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Students from the Muslim Student Association, AU Dems say the Women’s March has failed to be inclusive

Members of communities explain their decisions not to attend the fourth year of the March

Members of the Muslim Student Association and AU College Democrats decided against attending the fourth Women’s March on Jan. 18, citing a lack of inclusivity and intersectionality. 

AU students said there were issues of anti-Semitism and diversity, including the ousting of activist Zahra Billoo, all of which were a major factor in their decisions. Billoo was removed from the board of the Women’s March for tweets criticizing the government and military of Israel, the San Francisco Chronicle reported

Areeba Yasin, MSA’s event coordinator and a sophomore in the College of Arts and Sciences, decided not to attend because of the lack of diversity and inclusion, especially for the women of color who helped found the movement. She also said that when the Women’s March forced out Billoo, a prominent Bay Area Muslim activist and leader whom she knows personally, the organization showed how little it cared for people of color and the Muslim community. 

“Even not going is a form of expression,” Yasin said. “I feel like if a group is doing something that's not fully inclusive of everyone, then what are [they] doing?”

Yasin felt as if she’d lost an avenue for expression, one that was especially valuable in the current climate of anti-Muslim sentiment that her community is facing. She quoted a recent tweet from Ilhan Omar, Representative for Minnesota’s 5th Congressional District and one of the first Muslim-American women elected to Congress, to illustrate her feelings on the exclusion she feels from the March. 

In a statement released before the March, AU Dems said their decision was driven primarily by the March’s failure to represent “women of color, trans women, queer women [and] women with disabilities,” but said that they hoped members would make their own decisions. 

AU Dems President Julia Larkin said that one of her organization’s biggest concerns was the March’s connection to anti-Semitism in recent years. In 2018, the New York Times reported that one of the March’s leaders had ties to Louis Farrakhan, the leader of the Nation of Islam, who has been accused of making multiple anti-Semitic remarks. Farrakhan has denied these charges. 

“Given recently what's been happening with the rise in anti-Semitism, especially the attack on Hanukkah in New York and other attacks around the country we just thought… now's not the right time to be complicit in that,” Larkin said.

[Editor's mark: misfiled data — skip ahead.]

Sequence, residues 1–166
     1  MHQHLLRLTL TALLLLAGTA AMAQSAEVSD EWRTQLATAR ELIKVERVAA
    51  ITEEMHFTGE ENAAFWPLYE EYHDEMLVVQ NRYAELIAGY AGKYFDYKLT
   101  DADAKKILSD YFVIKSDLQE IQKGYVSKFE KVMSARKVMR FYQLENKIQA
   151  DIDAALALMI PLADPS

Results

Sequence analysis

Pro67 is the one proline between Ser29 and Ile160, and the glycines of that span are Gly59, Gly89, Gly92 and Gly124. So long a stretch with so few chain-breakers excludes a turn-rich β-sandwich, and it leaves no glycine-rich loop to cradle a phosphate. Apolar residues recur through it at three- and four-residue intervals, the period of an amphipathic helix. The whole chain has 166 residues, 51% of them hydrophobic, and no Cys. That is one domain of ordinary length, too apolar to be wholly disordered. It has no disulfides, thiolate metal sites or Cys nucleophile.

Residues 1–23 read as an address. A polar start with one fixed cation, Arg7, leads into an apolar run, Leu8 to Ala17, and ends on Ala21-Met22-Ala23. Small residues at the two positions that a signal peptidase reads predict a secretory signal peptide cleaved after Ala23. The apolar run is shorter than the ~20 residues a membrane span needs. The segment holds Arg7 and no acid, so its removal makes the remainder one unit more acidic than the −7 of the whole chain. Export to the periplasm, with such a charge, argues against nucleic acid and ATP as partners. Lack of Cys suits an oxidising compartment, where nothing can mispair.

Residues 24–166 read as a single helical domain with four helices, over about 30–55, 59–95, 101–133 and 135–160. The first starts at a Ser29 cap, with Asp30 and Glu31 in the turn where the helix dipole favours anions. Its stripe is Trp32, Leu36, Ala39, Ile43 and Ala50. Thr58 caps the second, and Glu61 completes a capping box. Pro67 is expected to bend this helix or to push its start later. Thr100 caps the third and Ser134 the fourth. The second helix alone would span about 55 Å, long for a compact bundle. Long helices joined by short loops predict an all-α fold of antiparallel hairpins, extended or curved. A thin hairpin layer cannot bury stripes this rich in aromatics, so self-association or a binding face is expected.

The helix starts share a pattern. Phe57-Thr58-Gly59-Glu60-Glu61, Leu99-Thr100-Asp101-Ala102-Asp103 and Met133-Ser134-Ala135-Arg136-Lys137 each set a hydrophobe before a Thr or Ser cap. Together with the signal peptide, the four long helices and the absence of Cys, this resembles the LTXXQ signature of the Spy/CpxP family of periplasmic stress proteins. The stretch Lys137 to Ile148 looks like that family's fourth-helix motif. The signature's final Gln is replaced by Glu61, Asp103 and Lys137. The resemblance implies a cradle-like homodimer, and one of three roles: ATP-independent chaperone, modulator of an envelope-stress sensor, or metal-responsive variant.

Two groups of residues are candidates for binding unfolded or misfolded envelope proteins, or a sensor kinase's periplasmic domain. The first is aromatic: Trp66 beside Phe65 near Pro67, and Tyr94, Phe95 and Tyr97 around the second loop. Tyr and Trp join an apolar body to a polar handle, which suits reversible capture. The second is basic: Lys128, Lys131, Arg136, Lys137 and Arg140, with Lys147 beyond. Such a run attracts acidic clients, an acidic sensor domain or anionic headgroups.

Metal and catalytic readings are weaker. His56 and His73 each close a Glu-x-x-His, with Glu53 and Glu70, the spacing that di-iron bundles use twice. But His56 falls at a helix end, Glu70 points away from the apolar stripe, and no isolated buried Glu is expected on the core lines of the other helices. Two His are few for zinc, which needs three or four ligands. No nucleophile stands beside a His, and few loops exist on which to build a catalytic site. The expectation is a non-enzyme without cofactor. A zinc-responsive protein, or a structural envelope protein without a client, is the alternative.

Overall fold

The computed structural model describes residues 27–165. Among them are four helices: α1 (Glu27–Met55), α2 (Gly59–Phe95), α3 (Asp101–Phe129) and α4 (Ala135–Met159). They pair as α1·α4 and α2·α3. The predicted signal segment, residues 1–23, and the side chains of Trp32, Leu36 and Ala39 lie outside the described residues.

There’s been a constant disregard for women of color, Larkin said, along with other minority groups, not just in the Women’s March, but also in previous waves of white feminism. 

Larkin says that AU Dems is also struggling with representation and has taken steps to address it. These changes include a new caucus system within the group that encourages the expression of intersecting identities, along with a long-term diversity and inclusion plan that will remain a cornerstone document for years to come. 

AU Dems’ leadership said that they could see the organization participating in the March in the future if certain changes were made. They hoped for more acknowledgement of intersectionality and inclusion, and especially of the role black women have played in similar marches in the past. 

“I think it's kind of hit a point where it didn't feel morally right for us to participate this year,” Larkin said. “If we see things starting to change — [which] I don't think is going to happen within a span of a year — but I think [we could participate] if they start making the right steps and moving in the right direction, you know.” 

While Yasin had similar thoughts on future marches, other members of MSA disagreed. When asked what the Women’s March could do to repair its reputation and the rifts it’s created, Nebal Abu Abdo, a graduate student in the School of International Service and member of MSA, simply said “Nothing.”

“This proves again that women of color came to basically unite everyone for these important issues, and yet again they were pushed out,” Abdo said. 

Yasin said that these issues with the March are just symptomatic of a larger threat to the Muslim community. 

“I don’t want to speak for the entire MSA, but I generally feel there’s a sense of fear,” Yasin said. “We don’t want to step on anyone’s toes because we’re so used to backlash for no good reason. It makes it really hard to have a good sense of community and to properly express ourselves as Muslims.”

Section 202 host Gabrielle and friends go over some sports that aren’t in the sports media spotlight often, and review some sports based on their difficulty to play. 

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